Are Some Diet Drugs Rising From the Ashes? - Wall Street Journal (blog)

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Is obesity-drug development the regulatory graveyard that it's now widely thought to be?

The last year hasn't been kind to makers of potential obesity treatments. The FDA has rejected one after another. Among those getting the Heisman were Qnexa from Vivus, lorcaserin from Arena and Contrave from Orexigen and Japan's Takeda.

Under FDA pressure, Abbott last year removed its weight-loss drug Meridia from the market.

The regulator's concern has been balancing what it describes as relatively limited weight-loss effects with the proposed drugs' potential side effects, namely heart attacks and strokes. The FDA has a long memory of troubles with previous diet drugs, such as the infamous fen-phen.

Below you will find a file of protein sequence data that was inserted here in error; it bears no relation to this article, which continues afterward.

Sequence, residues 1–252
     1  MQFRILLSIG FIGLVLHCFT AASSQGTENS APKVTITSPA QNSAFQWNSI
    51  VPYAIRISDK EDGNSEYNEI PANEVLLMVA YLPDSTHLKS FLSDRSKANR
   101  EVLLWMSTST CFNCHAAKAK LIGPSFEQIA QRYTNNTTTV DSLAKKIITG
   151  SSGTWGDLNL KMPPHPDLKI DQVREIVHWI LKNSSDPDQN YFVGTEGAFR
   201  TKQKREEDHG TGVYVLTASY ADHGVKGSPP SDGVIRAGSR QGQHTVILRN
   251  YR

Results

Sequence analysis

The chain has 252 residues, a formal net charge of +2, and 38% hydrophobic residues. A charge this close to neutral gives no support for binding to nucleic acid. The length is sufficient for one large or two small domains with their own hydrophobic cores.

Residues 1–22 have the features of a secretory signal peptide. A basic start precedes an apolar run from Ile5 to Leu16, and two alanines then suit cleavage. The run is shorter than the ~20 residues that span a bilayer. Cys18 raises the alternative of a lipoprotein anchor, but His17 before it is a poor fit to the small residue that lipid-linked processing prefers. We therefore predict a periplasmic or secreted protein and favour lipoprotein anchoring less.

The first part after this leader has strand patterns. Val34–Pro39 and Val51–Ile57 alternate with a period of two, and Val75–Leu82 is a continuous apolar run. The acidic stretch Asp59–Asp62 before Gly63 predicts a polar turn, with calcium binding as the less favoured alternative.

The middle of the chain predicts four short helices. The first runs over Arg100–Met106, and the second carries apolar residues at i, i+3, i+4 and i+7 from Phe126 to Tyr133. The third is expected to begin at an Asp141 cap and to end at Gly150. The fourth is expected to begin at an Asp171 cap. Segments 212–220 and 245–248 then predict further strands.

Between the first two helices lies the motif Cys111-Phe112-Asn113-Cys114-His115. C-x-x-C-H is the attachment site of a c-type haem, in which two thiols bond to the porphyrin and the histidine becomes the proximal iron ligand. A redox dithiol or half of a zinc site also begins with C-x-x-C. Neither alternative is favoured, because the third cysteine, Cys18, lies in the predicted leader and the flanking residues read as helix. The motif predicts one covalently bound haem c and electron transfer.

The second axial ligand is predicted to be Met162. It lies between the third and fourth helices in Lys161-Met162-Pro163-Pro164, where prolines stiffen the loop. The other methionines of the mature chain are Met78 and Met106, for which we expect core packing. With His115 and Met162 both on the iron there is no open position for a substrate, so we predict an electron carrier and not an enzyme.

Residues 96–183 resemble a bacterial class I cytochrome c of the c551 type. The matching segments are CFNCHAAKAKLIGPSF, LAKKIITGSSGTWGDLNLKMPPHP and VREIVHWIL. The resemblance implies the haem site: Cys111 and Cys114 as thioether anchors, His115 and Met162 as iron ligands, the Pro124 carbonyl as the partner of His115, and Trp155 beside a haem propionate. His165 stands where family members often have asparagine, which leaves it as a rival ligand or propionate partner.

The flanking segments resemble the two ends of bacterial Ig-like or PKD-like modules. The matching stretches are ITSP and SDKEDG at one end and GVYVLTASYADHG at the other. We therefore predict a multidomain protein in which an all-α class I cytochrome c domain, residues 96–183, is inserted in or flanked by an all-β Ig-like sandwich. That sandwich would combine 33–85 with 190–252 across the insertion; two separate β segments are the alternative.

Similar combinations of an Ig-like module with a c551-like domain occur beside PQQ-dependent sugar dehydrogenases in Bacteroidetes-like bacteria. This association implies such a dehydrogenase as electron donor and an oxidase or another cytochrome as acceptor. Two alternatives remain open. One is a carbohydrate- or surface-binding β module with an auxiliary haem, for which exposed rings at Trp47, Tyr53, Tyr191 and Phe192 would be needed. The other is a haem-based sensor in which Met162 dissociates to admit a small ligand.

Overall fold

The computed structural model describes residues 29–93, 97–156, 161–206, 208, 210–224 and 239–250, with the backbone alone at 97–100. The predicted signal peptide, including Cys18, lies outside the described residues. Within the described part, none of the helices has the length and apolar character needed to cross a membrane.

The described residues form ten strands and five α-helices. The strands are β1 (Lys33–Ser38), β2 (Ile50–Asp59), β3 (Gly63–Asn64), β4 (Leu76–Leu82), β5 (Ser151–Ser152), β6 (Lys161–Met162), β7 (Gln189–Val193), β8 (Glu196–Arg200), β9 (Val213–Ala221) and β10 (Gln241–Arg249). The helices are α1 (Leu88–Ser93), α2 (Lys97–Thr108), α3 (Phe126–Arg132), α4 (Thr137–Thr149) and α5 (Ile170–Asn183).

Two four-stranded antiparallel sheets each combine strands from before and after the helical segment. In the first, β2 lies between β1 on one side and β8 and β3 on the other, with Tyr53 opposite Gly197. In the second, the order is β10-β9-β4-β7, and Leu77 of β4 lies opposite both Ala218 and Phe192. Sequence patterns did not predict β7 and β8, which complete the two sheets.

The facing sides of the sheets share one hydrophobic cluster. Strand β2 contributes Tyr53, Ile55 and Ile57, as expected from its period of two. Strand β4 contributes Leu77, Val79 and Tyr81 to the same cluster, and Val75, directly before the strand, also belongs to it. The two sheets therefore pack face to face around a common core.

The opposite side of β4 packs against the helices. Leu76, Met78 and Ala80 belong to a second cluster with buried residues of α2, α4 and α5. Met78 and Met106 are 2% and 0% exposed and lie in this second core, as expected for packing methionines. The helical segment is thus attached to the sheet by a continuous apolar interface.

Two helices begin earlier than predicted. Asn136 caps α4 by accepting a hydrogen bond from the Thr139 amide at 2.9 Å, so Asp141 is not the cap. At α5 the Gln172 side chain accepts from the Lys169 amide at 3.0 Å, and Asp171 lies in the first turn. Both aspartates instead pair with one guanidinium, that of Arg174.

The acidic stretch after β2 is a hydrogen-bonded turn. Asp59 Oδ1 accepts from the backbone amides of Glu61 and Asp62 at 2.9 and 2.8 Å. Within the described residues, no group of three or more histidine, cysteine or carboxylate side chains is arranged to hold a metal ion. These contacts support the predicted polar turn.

Perhaps there's a way forward for at least some of the drugs, however.

Orexigen said late yesterday that it planned to resume development of Contrave after meetings with the FDA showed a path to approval in 2014. The San Diego company will conduct a new clinical study assessing whether Contrave contributed to a higher risk of heart attacks.

The news has sent Orexigen shares soaring today, helping the stock make up a big chunk of the more than 80% in value lost so far this year.

Likewise, Vivus shares jumped after the company said last week that it would re-submit its application for Qnexa. Arena said in August it plans to submit a response to the FDA by the end of the year.

Image: iStockphoto

21 Sep, 2011

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